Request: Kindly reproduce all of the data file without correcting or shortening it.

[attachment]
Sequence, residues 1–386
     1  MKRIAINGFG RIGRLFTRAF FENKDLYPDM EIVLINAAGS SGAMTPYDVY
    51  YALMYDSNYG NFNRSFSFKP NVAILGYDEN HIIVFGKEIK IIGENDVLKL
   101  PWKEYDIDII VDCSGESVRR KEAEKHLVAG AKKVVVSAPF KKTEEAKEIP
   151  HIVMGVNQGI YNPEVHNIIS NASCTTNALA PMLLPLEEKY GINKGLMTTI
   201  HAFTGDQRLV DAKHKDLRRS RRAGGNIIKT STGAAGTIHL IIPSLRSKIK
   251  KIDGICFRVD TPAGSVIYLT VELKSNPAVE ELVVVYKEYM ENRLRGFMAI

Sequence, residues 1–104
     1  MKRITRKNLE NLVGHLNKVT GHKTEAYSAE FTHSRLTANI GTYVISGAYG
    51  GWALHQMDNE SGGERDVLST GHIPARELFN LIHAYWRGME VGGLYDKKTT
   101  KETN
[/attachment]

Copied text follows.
Sequence, residues 1–386
     1  MKRIAINGFG RIGRLFTRAF FENKDLYPDM EIVLINAAGS SGAMTPYDVY
    51  YALMYDSNYG NFNRSFSFKP NVAILGYDEN HIIVFGKEIK IIGENDVLKL
   101  PWKEYDIDII VDCSGESVRR KEAEKHLVAG AKKVVVSAPF KKTEEAKEIP
   151  HIVMGVNQGI YNPEVHNIIS NASCTTNALA PMLLPLEEKY GINKGLMTTI
   201  HAFTGDQRLV DAKHKDLRRS RRAGGNIIKT STGAAGTIHL IIPSLRSKIK
   251  KIDGICFRVD TPAGSVIYLT VELKSNPAVE ELVVVYKEYM ENRLRGFMAI

Sequence, residues 1–104
     1  MKRITRKNLE NLVGHLNKVT GHKTEAYSAE FTHSRLTANI GTYVISGAYG
    51  GWALHQMDNE SGGERDVLST GHIPARELFN LIHAYWRGME VGGLYDKKTT
   101  KETN